Three weeks without F1 is always a painful experience however, as the paddock arrives in Hungary anticipation for the latest installment of the 2013 season reaches a crescendo. Following the YDT at Silverstone, the Pirelli tyre concerns seem to have abated yet now attention turns to mastering and understanding the new compounds. In terms of the complex battles within both championships, can anyone catch Sebastian Vettel? Can McLaren overturn the deficit to Force India? Can Lotus maintain momentum following their impressive double podium in Germany?
Flashback 12 months and Hungary provided one of my favorite races of an action packed 2012 season. Lewis Hamilton managed to consolidate his pole position, leading throughout the race, yet faced considerable pressure from the Lotus’ behind as the high track temperatures suited the E20. The Enstone team faced a hair raising moment after the second round of stops, as Kimi Raikkonen and Romain Grosjean came perilously close to contact into turn one.
Raikkonen fiercely hunted down Hamilton yet eventually ran out of laps to reel in the McLaren driver who finished just one second ahead of the Finn. Further back, Sebastian Vettel completed a disappointing race, finishing in P4. The German was squeezed out be Grosjean at the start and dropped behind Jenson Button. Vettel remained trapped under Button’s rear wing for the entire first stint, which left him with considerable amounts of work to do. Sebastian is still yet to win at the Hungaroring and will hope to change that this weekend.
Massa Hoping For Hot Hungary
Felipe Massa is currently under the spotlight once again following a serious downturn in form which has seen the Brazilian score just 12 points from the last four races. In this critical phase of Ferrari’s season, they are somewhat reliant on Felipe’s role within the team, in order to claw back the deficit to Mercedes and support Fernando Alonso in his title challenge. While the Hungaroring should suit the RB9’s characteristics, Felipe is optimistic that the sweltering temperatures which are currently predicted for the weekend will bring Ferrari into contention.
“We are trying everything we can to improve the car and make the car better,” he said earlier this week. “Even if Hungary is normally a good track for Red Bull, I hope we can be competitive there. It should be hotter; we didn’t have so many hot races this year and I think it’s important to get the hot conditions as they’re always a big help for our car. So I hope we can be competitive there.”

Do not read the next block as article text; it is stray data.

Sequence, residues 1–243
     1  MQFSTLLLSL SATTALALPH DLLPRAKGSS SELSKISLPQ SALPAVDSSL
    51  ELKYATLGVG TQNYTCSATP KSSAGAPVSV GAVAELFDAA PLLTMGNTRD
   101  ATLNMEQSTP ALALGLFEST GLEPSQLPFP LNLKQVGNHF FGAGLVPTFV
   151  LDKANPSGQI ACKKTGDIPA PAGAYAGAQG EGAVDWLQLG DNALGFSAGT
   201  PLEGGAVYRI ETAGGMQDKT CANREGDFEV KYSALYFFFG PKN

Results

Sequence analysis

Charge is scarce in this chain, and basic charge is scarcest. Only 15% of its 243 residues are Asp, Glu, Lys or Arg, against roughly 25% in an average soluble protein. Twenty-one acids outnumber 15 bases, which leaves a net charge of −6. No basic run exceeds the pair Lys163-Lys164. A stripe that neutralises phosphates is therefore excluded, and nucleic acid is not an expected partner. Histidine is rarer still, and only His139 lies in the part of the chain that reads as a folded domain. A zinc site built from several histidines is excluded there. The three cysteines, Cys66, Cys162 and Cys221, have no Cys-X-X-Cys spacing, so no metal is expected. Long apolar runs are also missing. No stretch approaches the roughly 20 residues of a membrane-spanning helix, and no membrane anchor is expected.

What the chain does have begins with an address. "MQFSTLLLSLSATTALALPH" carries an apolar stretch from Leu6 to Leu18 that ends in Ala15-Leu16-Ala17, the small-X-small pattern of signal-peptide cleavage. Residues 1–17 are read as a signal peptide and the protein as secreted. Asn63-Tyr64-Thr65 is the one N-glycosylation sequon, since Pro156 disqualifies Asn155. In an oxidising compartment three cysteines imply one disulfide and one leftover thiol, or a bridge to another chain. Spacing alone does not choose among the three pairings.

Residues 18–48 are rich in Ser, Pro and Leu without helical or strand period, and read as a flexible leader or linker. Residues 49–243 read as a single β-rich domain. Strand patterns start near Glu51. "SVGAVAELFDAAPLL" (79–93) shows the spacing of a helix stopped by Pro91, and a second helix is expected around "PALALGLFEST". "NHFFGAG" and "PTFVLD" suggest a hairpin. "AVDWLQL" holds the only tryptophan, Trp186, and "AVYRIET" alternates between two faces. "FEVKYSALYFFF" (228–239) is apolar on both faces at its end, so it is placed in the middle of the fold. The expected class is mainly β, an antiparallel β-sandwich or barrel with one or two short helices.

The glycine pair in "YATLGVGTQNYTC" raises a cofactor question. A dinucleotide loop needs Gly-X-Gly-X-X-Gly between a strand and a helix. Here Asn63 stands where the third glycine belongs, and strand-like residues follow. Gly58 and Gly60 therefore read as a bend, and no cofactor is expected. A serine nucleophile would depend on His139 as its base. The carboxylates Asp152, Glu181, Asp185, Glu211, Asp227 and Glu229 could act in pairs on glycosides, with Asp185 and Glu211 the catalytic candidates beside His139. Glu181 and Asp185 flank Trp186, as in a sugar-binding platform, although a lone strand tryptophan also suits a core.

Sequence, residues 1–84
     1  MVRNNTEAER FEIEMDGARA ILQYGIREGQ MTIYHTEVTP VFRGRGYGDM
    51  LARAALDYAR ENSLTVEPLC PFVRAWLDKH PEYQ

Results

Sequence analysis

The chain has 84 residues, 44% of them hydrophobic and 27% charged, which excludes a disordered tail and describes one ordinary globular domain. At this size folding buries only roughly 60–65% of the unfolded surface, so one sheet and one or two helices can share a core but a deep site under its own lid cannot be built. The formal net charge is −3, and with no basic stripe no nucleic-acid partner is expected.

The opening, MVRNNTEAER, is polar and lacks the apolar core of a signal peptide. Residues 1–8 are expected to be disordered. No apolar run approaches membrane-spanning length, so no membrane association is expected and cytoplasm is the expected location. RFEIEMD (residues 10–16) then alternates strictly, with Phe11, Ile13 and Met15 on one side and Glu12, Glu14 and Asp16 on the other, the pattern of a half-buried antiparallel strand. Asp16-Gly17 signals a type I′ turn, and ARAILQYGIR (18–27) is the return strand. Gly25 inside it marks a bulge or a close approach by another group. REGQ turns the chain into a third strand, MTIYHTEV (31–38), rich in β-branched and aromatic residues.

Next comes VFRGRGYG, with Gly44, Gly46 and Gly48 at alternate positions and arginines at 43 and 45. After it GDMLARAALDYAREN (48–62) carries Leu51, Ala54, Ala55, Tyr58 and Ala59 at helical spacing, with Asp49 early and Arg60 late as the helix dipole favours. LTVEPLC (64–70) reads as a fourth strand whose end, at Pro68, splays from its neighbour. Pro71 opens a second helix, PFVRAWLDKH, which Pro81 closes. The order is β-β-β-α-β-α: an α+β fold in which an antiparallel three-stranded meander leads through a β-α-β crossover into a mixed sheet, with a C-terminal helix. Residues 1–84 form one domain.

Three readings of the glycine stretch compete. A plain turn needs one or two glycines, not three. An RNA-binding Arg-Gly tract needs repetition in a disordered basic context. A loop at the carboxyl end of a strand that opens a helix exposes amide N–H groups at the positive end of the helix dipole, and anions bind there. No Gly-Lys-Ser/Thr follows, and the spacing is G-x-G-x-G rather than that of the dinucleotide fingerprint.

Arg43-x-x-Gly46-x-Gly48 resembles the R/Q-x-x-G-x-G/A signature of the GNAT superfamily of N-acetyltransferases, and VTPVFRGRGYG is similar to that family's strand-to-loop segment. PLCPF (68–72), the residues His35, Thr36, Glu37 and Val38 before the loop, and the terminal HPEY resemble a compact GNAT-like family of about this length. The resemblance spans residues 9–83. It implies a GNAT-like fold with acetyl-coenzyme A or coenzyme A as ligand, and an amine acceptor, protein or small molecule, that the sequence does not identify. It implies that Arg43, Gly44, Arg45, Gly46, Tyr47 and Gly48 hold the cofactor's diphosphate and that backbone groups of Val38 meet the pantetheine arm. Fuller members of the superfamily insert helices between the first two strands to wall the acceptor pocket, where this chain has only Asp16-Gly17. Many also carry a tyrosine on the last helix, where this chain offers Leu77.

Ferrari’s frighteningly fast start to the season struck fear into Red Bull, as the prancing horse was menacing on both Saturday and Sunday. However, the team have speculated that a part which was fitted to the car in Monaco has had a negative effect on their overall performance. The issue at hand is trying to identify which of the numerous upgrades are having this detrimental effect.
The recent drop in pace has seen Mercedes rise above Ferrari in the constructors standings, yet Felipe Massa is confident that the team can gain ground on the German outfit this weekend, predicting that they will suffer similarly high degradation levels to that of the German Grand Prix. Asked if Mercedes could also be a big threat this weekend, the Brazilian replied: “In the qualifying, yes. In the race maybe a bit less. You always look at Red Bull as the more complete car talking about qualifying and talking about the race. Mercedes is normally the quickest car in the qualifying and they normally struggle a little bit more in the race. Maybe even now that we cannot swap tyres anymore they struggle even more.”
Practice Mileage Is Critical For Mercedes
Following their exclusion from the YDT, Mercedes are heading into this weekend on the back foot, after not being able to complete any mileage on the latest compounds which Pirelli have built. Consequently, the team have admitted that the three practice sessions are going to be crucial and have the capabilities of making or breaking their weekend.